ExcelTips is your source for cost-effective Microsoft Excel training. This tip (8186) applies to Microsoft Excel 2007, 2010, and 2013. You can find a version of this tip for the older menu interface of Excel here: Hiding a Hyperlink on a Printout.

Author Bio

Allen Wyatt

With more than 50 non-fiction books and numerous magazine articles to his credit, Allen Wyatt is an internationally recognized author. He  is president of Sharon Parq Associates, a computer and publishing services company. ...

MORE FROM ALLEN

Trimming Spaces from Strings

Need to get rid of extraneous spaces before or after the text in a string? VBA provides three different functions you can use ...

Discover More

Fixing the Decimal Point

Don't want to always type the decimal point as you enter information in a worksheet? If you are entering information that ...

Discover More

Sorting Conditional Formats Properly

Conditional formatting can be a great tool to get your data looking just the way you need. However, when you sort data that ...

Discover More

Save Time and Supercharge Excel! Automate virtually any routine task and save yourself hours, days, maybe even weeks. Then, learn how to make Excel do things you thought were simply impossible! Mastering advanced Excel macros has never been easier. Check out Excel 2010 VBA and Macros today!

More ExcelTips (ribbon)

Easily Printing to PDF

It used to be quite difficult to produce a PDF file from an Excel workbook. Times change, though, and you now have a variety ...

Discover More

Printing Odd or Even Pages

When you print a worksheet, Excel normally prints all the pages or a consecutive series of pages that you specify. If you wan ...

Discover More

Printing a Draft of a Worksheet

Do you want the absolute fastest print speed possible for a worksheet? Then you need to print a worksheet draft.

Discover More
Subscribe

FREE SERVICE: Get tips like this every week in ExcelTips, a free productivity newsletter. Enter your address and click "Subscribe."

View most recent newsletter.

Comments

If you would like to add an image to your comment (not an avatar, but an image to help in making the point of your comment), include the characters [{fig}] in your comment text. You’ll be prompted to upload your image when you submit the comment. Images larger than 600px wide or 1000px tall will be reduced. Up to three images may be included in a comment. All images are subject to review. Commenting privileges may be curtailed if inappropriate images are posted.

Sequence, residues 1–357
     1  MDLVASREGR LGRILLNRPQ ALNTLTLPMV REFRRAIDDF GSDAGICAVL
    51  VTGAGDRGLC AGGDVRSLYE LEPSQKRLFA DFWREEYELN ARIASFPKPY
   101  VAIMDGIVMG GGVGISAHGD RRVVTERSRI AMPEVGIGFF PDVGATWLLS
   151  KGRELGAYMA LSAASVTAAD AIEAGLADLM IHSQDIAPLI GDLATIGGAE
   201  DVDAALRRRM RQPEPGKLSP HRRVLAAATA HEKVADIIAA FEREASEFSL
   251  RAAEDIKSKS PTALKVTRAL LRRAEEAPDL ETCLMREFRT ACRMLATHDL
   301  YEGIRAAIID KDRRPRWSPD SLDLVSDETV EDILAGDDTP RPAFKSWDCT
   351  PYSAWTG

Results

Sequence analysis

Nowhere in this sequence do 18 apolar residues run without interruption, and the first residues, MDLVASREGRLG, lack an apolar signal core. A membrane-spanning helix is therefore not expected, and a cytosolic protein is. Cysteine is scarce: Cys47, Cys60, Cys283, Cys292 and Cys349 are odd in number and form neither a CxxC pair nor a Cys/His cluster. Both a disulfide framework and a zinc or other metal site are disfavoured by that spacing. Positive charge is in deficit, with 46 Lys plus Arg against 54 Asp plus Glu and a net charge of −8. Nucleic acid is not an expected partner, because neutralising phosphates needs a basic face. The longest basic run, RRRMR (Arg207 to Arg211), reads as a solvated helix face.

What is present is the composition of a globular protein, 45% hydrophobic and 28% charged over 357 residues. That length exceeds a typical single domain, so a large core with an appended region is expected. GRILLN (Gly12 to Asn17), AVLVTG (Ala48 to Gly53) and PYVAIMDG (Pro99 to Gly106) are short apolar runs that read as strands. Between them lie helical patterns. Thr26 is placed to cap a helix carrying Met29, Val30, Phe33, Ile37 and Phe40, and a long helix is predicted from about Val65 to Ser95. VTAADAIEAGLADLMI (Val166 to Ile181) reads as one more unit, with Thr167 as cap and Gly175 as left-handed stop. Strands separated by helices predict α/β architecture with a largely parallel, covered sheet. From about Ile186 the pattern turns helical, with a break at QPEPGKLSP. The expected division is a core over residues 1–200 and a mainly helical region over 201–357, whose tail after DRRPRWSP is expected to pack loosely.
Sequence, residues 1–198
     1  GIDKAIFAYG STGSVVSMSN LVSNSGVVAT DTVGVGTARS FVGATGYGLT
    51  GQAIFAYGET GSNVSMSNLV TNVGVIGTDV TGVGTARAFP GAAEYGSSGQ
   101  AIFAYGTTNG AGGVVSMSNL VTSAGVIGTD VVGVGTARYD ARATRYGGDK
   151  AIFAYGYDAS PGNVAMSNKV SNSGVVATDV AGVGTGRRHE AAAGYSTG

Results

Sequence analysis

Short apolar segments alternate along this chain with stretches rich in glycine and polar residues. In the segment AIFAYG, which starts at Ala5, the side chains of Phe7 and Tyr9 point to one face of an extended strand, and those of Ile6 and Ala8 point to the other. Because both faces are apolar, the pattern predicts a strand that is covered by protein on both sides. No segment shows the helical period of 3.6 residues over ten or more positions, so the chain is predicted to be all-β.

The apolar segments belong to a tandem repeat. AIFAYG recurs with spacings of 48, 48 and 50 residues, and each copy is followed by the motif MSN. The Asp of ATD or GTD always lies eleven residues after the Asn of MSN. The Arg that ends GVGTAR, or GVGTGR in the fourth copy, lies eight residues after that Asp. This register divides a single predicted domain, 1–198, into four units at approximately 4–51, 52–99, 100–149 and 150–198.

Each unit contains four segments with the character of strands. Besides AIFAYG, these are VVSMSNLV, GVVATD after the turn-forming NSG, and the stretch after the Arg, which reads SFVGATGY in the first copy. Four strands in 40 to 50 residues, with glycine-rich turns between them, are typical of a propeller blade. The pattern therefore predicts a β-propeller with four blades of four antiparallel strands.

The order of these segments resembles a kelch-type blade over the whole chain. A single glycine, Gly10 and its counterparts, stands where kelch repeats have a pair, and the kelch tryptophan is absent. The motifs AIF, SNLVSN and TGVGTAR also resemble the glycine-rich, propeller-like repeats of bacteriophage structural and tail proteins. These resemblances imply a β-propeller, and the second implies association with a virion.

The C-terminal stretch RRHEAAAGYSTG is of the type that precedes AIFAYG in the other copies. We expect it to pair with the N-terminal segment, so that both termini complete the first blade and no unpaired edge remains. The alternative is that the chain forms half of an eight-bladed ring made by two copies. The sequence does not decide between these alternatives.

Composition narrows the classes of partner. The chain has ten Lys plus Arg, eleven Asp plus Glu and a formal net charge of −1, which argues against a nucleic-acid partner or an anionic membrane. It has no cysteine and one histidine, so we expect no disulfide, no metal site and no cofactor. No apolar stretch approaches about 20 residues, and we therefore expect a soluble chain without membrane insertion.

What is three minus 2?

2016-07-20 04:16:44

Terence

You could also create a 'control panel' on the contents page. Use conditional formatting to hide or show the hyperlinks based on whether the control panels is show or hide.I use this approach for highlighting input fields.


2016-07-19 09:14:35

Col Delane

Another even simpler approach to one only briefly mentioned in the Tip is to create a simple one line macro that activates the Contents sheet, and assign this procedure to a macro button on the Quick Access Toolbar, where the button is only available in the designated workbook. This completely removes the navigation "tool" from all worksheets thus solving Kathy's problem, whilst it remains accessible from anywhere in the workbook rather than just when cell A1 is visible.


This Site

Got a version of Excel that uses the ribbon interface (Excel 2007 or later)? This site is for you! If you use an earlier version of Excel, visit our ExcelTips site focusing on the menu interface.

Newest Tips
Subscribe

FREE SERVICE: Get tips like this every week in ExcelTips, a free productivity newsletter. Enter your address and click "Subscribe."

(Your e-mail address is not shared with anyone, ever.)

View the most recent newsletter.